Characterization of the West Nile virus pathogen associated molecular patterns
Fredericksen, Brenda L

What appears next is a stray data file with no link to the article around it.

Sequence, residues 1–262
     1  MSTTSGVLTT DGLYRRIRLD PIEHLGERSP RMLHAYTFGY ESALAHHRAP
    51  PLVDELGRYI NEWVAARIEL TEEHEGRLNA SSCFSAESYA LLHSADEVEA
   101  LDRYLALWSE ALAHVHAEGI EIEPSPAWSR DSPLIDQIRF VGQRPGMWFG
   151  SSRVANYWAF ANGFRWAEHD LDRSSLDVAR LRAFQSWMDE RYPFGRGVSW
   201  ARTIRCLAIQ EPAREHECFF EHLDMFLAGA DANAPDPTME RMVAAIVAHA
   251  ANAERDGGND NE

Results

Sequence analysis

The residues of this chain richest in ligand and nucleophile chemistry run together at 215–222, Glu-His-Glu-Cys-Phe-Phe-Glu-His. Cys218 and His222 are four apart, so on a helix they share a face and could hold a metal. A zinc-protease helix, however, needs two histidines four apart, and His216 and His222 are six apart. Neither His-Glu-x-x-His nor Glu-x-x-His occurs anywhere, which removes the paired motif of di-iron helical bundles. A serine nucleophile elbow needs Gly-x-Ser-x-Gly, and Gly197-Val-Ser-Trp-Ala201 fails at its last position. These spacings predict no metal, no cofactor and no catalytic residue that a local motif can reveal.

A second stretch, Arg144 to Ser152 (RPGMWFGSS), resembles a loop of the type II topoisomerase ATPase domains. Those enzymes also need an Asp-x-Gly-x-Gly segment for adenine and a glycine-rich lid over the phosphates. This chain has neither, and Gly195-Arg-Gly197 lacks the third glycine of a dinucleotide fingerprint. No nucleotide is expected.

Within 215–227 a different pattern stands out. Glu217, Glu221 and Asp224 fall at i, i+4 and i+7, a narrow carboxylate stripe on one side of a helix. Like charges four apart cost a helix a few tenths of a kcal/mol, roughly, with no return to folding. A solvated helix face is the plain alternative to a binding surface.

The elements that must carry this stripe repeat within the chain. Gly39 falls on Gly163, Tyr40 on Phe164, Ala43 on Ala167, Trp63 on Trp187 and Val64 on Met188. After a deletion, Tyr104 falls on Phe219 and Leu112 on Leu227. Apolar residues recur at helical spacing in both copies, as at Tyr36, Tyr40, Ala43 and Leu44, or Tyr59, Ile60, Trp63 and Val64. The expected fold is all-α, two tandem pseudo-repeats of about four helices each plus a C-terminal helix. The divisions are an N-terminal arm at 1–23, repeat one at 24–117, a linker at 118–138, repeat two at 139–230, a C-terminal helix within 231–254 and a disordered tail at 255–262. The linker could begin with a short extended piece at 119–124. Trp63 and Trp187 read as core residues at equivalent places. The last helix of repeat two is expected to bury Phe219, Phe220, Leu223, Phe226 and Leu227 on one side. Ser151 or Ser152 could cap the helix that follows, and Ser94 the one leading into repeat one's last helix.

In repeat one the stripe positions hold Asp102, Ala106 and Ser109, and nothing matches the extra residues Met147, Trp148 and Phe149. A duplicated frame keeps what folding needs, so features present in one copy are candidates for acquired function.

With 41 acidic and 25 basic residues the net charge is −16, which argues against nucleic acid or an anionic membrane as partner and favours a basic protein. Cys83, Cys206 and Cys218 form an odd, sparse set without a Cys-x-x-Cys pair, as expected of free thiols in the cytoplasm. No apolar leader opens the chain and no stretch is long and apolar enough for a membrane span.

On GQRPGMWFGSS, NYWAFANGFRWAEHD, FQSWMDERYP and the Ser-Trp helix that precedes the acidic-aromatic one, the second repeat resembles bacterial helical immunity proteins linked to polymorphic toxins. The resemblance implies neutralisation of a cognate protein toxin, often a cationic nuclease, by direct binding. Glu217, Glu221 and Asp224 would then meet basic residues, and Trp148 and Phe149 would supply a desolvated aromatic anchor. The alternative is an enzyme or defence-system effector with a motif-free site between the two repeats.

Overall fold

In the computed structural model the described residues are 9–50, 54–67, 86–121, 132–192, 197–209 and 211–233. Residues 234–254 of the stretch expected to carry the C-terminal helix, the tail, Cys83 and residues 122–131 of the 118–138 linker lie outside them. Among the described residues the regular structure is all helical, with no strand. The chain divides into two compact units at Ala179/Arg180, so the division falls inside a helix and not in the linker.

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The recent emergence of West Nile virus (WNV) in the western hemisphere has been marked by an increase in severe neurological disease. The factors that contribute to this increase in pathogenicity are poorly understood, however, there is evidence that the host antiviral response plays a significant role in controlling WNV mediated disease. The innate antiviral response is mediated by a variety of pathogen recognition receptors, including RIG-I. Here, we analyzed the RIG-I mediated antiviral response to WNV infection. We identified multiple regions of the pathogenic WNV-NY genome and antigenome that act as pathogen associated molecular patterns (PAMPs) capable of stimulating the RIG-I response. Additionally, preliminary examination of the related, non-pathogenic WNV-MAD78 genome has revealed stimulatory regions that differ from those found in the WNV-NY genome. One of PAMP region, the 5'UTR, was analyzed further to elucidate the secondary structural elements present in the RNA, which may be contributing to the antiviral response. Similar, equally stimulatory structures were found in the 5'UTR of both the WNV-NY strain WNV-MAD78, indicating similar structures may be recognized for RIG-I activation. We also examined the role of DDX3, a DExD/H box helicase similar to RIG-I, in WNV infection. DDX3 appeared to co-localize with WNV protein and DDX3 expression was reduced at late points in infection, but DDX3 overexpression had no effect on viral replication or protein expression. Therefore, the exact role that DDX3 plays during the course of WNV infection remains unresolved. Taken together, our data suggests a specific structural requirement to activate the RIG-I mediated antiviral response.